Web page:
School of Visual Arts presents “Presence,” an exhibition of photography and drawing by current students and recent alumni celebrating diversity and questioning cultural stereotypes. Curated by Richard Brooks, assistant director of SVA Galleries, the exhibition will be on view Thursday, May 29, through Saturday, June 14, at the SVA Gramercy Gallery, 209 East 23rd Street, New York City.
In his series of soft-focus color photographs, Dale Capistrano (a BFA Photography student) creates portraits that recall 19th-century experiments with calotypes and salt prints. The artist adds diaphanous layers onto his traditional portrait prints, giving his works a tender, nostalgic ambience.
In his series of ink drawings on paper, Elliot Chambers (a BFA Illustration student) explores isolation and the notion of the stranger. Drawing on Giacometti’s elongated, solitary figures, the artist uses subtle, delicate marks with diluted ink to create blurred silhouettes floating in space. Intentionally lacking context and detail, these anonymous souls become metaphors for strangers we encounter daily.
Amy Davis’ (MFA 2014 Photography, Video and Related Media) color photographs capture the drama of interactions on New York City's streets. Shot in a cinematic style to resemble movie stills, her pictures contain ambiguous narratives left open for the viewer's interpretation.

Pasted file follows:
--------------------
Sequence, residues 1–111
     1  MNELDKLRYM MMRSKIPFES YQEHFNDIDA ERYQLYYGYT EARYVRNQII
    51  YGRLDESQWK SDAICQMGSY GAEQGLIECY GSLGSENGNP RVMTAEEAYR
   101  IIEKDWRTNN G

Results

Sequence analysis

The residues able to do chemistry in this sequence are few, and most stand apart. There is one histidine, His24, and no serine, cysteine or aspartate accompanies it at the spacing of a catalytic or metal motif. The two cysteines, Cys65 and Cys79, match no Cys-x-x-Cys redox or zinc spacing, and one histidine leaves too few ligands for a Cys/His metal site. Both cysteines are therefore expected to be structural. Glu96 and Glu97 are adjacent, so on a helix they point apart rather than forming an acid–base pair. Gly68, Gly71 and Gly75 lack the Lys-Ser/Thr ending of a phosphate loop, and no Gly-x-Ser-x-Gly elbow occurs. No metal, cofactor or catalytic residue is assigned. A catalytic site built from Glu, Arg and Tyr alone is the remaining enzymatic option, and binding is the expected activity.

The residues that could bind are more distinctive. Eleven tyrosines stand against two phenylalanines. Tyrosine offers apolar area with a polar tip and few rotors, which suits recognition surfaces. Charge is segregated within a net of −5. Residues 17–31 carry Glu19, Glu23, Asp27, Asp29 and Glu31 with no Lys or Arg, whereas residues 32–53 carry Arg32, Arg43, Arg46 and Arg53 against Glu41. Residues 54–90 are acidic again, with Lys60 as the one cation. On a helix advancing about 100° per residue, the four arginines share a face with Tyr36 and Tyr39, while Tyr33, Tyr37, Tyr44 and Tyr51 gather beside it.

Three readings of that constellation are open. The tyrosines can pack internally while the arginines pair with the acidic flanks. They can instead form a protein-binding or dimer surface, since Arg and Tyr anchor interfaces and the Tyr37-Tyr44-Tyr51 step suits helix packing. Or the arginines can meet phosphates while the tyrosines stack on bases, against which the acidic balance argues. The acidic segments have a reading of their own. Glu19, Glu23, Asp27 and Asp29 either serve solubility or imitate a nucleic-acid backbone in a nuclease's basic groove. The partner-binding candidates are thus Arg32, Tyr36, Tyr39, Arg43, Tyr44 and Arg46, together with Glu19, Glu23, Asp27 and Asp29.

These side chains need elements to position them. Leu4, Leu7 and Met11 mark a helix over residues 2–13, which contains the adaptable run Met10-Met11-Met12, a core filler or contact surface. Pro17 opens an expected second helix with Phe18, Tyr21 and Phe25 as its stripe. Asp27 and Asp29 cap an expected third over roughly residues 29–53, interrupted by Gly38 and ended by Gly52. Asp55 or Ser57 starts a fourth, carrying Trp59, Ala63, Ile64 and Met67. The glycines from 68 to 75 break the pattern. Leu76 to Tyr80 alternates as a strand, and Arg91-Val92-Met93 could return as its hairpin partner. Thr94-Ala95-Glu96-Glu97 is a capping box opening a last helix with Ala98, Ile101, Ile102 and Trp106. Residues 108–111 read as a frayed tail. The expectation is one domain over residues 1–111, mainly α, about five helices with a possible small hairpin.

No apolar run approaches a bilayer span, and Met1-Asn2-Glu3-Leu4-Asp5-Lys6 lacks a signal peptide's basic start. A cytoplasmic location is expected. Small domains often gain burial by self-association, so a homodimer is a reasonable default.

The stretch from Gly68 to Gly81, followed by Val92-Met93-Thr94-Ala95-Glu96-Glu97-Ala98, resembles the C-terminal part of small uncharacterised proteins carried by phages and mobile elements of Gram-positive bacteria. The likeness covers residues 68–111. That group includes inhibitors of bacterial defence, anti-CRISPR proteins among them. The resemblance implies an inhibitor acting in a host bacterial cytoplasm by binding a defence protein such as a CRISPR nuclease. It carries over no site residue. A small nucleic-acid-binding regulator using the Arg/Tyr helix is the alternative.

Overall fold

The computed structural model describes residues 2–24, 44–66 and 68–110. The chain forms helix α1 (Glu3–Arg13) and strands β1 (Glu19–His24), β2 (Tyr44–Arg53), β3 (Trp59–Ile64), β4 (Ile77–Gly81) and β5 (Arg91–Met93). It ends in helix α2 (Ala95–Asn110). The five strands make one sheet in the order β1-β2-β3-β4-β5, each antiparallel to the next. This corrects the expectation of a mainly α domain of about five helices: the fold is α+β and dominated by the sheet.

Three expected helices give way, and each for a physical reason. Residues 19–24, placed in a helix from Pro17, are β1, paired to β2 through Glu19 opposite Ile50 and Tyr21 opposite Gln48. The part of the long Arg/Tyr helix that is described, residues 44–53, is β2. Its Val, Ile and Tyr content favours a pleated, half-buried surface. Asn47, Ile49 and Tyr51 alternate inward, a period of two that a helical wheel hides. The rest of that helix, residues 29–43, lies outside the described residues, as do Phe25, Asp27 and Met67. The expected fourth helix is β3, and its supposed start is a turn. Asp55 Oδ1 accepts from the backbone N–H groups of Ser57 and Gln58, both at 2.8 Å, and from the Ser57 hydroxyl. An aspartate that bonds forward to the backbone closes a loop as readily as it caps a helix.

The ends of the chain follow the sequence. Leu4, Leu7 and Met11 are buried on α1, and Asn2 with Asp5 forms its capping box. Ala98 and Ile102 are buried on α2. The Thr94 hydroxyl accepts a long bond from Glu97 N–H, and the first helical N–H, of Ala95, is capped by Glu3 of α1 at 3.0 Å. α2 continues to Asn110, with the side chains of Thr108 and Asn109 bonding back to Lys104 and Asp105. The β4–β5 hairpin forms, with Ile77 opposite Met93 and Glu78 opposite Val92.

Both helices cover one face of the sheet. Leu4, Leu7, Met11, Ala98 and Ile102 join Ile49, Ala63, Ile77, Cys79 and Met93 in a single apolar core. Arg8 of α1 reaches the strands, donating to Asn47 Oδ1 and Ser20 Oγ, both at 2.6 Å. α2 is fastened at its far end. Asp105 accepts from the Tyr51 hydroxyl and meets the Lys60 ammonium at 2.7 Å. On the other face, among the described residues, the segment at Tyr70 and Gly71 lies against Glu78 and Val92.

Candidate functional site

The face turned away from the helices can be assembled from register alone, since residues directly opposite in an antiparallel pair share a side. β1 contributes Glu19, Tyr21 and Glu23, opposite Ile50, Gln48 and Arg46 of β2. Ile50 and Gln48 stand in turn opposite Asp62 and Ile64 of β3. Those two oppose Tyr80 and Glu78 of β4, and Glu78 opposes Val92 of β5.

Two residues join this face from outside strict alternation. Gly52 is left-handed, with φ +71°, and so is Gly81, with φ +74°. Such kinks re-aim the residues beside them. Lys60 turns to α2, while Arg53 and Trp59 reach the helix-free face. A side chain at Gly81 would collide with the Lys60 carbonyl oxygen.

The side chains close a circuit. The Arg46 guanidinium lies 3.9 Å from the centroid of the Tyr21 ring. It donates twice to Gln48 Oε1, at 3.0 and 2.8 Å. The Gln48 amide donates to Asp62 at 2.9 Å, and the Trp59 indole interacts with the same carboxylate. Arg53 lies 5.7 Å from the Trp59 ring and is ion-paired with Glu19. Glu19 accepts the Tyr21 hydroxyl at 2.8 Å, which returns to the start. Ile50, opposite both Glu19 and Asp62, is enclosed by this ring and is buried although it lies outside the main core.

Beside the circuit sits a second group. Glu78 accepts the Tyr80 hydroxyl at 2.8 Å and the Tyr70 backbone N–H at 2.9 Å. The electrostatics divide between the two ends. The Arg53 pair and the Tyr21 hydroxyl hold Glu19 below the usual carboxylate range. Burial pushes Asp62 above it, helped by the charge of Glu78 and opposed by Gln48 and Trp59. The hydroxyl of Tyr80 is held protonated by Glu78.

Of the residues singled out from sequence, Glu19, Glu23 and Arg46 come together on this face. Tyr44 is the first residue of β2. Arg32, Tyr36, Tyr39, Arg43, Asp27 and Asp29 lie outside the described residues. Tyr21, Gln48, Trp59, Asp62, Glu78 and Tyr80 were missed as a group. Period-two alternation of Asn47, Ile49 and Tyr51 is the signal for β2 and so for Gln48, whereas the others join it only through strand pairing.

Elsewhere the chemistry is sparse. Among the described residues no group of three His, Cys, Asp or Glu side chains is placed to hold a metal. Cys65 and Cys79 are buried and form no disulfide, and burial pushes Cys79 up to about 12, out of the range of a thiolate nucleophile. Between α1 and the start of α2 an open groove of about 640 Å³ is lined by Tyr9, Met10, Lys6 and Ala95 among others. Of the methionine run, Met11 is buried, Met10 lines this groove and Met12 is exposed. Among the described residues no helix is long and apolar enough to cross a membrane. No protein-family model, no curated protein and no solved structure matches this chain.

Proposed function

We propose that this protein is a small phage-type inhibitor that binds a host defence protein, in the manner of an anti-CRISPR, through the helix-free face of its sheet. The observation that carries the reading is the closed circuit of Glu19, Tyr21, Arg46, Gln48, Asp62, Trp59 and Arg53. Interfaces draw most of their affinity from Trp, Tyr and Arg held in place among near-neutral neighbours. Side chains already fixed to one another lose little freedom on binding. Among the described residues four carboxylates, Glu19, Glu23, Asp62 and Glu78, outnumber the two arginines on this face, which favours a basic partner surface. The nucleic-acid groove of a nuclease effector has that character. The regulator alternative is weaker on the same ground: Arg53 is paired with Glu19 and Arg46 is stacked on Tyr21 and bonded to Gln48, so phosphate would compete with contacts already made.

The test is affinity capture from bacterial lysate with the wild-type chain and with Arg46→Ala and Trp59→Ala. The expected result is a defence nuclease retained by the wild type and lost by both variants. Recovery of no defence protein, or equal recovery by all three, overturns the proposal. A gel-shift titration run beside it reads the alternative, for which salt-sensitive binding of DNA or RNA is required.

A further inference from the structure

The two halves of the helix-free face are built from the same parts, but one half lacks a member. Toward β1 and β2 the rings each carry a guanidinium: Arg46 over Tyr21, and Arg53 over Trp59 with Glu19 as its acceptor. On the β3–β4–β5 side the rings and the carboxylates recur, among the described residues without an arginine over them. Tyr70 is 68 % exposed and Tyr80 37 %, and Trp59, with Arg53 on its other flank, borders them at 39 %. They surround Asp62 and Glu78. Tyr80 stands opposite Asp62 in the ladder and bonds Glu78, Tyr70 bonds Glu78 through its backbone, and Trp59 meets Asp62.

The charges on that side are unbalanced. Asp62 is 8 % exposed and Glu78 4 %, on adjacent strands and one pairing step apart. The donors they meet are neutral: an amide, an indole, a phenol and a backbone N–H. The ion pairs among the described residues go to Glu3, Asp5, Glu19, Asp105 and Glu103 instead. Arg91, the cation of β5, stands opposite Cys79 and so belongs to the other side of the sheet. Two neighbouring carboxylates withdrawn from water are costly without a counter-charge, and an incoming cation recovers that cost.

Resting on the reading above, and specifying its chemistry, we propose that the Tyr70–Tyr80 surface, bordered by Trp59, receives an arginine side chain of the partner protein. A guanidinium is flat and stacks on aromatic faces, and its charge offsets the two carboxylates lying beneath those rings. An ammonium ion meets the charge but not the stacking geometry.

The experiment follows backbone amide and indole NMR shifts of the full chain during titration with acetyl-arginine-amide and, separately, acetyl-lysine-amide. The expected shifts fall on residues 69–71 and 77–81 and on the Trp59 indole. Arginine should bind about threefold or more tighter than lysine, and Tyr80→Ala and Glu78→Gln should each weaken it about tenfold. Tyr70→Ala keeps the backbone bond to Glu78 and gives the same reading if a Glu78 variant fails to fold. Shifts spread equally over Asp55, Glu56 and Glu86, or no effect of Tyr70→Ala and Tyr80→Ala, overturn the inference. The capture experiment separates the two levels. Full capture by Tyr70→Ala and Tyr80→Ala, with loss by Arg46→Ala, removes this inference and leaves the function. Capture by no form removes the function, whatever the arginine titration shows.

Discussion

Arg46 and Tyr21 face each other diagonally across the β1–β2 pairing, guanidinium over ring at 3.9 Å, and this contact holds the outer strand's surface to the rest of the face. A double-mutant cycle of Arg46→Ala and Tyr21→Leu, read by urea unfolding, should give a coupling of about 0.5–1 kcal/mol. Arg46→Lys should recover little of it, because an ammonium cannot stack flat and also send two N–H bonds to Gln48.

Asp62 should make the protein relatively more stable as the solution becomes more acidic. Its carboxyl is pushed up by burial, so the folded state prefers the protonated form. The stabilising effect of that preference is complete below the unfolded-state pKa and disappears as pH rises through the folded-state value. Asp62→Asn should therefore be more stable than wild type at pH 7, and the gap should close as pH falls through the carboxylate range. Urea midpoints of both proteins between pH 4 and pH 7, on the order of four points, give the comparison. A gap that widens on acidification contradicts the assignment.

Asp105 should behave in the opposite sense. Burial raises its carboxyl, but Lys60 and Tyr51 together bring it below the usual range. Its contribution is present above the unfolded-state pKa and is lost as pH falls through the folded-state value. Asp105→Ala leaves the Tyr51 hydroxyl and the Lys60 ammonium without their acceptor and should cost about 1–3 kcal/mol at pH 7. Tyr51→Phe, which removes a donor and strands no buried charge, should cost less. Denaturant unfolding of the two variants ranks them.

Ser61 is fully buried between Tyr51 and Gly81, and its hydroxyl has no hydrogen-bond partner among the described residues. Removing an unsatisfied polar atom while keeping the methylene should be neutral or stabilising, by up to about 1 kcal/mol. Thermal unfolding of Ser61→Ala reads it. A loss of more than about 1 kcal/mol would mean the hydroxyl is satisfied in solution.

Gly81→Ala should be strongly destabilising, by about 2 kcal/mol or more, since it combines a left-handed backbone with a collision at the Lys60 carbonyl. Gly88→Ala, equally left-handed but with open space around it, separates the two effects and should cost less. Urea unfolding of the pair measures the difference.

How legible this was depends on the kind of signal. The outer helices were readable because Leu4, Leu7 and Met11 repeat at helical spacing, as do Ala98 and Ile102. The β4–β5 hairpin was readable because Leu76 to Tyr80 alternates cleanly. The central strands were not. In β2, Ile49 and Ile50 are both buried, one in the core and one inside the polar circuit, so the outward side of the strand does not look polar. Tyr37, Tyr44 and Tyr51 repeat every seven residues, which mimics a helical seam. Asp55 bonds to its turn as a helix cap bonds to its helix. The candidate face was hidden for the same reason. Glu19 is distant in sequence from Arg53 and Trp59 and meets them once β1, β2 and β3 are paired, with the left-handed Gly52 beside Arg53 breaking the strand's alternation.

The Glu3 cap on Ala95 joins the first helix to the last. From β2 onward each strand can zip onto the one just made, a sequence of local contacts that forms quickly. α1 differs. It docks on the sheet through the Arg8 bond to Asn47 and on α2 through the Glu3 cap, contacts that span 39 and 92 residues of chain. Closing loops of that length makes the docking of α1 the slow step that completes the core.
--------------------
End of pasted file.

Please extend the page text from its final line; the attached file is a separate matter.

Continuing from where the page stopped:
Drawing on his childhood in rural Oklahoma, Jon Ervin’s (MFA 2014 Photography, Video and Related Media) color photographs critique American male stereotypes. Targeting the nostalgia, excess and aggressive nature of traditional masculinity, his large-scale portraits expose contradictions and absurdities inherent in a stereotypical masculine identity.
“Street Strangers” is a series of five black-and-white portraits by Meg Laubscher (MPS 2014 Digital Photography) of individuals the photographer encountered in New York City. Shot at close range in uncompromising, direct light, the larger-than-life-size faces fill the picture frame and gaze directly at the viewer. While fairly personal and intimate in detail, the anonymity of each person remains. The images reflect the rare, fleeting few minutes in which two strangers stopped, shared a moment and then carried on with their lives.
In her series “Void,” Rehan Miskci (MFA 2014 Photography, Video and Related Media) takes her subjects from the vast archive of Maryam Sahinyan, an Armenian studio photographer working in Istanbul from 1935 to 1985. Miskci recontextualizes her chosen images to create fragmented, semi-abstract photo-collages exploring the displacement and identity loss she feels as part of the Armenian minority in Turkey.
Drawing on myth, religion and Jungian psychology, Elizabeth Woodbury (BFA 2014 Photography) presents “Transference,” a series of color photographs exploring archetypal experiences. Strongly influenced by Pre-Raphaelite painting, the artist constructs elaborate sets where she photographs models enacting allegorical tableaus based on her personal experience.